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The point Joe Armstrong was making was simply "Message passing between sleeping processes in Erlang is very fast. ... Java is about 5 to 10 times slower." (The Java programmers have reduced that difference.) [Performance Measurements of Threads in Java and Processes in Erlang 1998-11-02] –  igouy Aug 21 '10 at 16:59
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7 Answers

up vote 6 down vote accepted

Ultimately, message-passing on modern machines is implemented using some form of shared memory to pass the messages (along with either locks or atomic instructions). So all the C and C++ implementations are really doing is inlining the implementation of message-passing straight into their code. A similar benchmark that uses a fast message-passing library in C, also benchmarked against Haskell and Erlang, can be found in this paper: http://www.cs.kent.ac.uk/pubs/2009/2928/index.html (section 5.1)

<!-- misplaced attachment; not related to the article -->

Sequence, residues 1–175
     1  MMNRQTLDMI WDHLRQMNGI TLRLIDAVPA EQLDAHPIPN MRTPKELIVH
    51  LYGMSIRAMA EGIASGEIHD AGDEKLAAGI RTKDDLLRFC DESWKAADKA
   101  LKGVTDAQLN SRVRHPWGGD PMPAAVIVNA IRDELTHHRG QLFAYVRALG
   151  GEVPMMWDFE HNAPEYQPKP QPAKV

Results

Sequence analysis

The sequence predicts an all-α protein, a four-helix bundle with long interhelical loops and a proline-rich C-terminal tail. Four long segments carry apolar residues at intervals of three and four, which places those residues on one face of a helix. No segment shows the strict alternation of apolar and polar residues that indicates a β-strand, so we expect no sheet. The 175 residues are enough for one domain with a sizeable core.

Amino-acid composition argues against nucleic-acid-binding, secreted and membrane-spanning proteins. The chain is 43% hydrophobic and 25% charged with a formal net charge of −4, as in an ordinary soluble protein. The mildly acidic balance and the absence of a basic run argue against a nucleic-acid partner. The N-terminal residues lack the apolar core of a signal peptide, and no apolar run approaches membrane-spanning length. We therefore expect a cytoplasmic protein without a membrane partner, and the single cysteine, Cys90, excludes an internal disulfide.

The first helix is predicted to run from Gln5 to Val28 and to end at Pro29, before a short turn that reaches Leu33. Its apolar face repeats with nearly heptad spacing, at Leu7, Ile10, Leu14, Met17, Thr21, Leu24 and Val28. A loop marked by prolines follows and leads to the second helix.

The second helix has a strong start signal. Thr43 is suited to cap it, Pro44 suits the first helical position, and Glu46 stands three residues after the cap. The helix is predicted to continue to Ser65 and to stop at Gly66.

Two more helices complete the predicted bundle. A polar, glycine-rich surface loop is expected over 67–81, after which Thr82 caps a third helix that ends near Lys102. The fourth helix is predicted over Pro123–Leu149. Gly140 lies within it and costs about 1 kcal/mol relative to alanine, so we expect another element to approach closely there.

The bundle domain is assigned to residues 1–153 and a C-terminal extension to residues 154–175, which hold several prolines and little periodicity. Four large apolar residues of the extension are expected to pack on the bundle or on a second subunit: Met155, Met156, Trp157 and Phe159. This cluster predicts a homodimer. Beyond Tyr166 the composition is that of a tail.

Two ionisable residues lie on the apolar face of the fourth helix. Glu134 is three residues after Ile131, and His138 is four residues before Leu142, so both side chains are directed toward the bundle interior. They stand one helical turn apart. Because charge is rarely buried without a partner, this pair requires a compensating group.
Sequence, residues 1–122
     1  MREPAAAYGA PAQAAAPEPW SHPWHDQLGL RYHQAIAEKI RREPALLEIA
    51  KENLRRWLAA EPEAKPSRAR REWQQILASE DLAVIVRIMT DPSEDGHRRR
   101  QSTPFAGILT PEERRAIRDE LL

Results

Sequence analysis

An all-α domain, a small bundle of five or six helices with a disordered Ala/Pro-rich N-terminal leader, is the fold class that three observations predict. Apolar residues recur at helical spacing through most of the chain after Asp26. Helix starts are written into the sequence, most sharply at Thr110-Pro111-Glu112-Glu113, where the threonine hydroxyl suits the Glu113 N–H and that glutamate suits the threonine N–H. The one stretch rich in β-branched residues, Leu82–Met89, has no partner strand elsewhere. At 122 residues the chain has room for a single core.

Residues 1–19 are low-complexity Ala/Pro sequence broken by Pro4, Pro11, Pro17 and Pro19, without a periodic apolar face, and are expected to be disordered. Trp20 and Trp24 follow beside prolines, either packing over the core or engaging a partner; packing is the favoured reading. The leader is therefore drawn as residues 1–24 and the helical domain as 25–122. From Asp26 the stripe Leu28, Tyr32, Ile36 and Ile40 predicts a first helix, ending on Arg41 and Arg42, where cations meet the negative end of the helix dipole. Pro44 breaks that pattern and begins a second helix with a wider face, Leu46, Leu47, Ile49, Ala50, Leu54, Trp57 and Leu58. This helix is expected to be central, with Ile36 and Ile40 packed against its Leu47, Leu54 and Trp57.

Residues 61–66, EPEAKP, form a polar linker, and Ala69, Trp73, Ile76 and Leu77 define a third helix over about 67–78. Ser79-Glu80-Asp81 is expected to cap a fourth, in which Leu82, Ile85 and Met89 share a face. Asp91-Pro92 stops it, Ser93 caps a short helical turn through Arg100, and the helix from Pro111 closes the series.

The speed of the various approaches is really determined by the concurrent run-time systems involved. Haskell has had a lot of good work done in this area, which leaves it ahead of Erlang. Of course, measuring speed on micro-benchmarks is often mis-leading, and leaves out important factors like the readability of the code. A question to bear in mind might be: which of the solutions in the shoot-out would you be happy to maintain?

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depends on which one is making more money :) –  Tom Aug 22 '10 at 6:39
    
>> Of course, measuring speed on micro-benchmarks is often mis-leading, and leaves out important factors like the readability of the code. << Which is one of the reasons why the benchmarks game shows the program source code ;-) –  igouy Aug 23 '10 at 17:57